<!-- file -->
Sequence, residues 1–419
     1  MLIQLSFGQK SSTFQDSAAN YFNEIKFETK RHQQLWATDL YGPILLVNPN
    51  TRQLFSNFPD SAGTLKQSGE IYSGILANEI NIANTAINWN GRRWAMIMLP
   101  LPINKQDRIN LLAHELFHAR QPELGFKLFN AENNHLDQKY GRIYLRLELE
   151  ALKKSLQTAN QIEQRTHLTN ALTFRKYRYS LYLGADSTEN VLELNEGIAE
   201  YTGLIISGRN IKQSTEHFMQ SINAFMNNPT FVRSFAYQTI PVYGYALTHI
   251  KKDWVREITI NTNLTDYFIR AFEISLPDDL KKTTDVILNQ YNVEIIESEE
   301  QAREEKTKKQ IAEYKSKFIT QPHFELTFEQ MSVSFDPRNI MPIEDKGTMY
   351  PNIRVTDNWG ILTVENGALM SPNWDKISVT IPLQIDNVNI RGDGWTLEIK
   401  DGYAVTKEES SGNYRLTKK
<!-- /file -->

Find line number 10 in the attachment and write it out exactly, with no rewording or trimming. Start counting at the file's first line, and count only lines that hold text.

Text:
   401  DGYAVTKEES SGNYRLTKK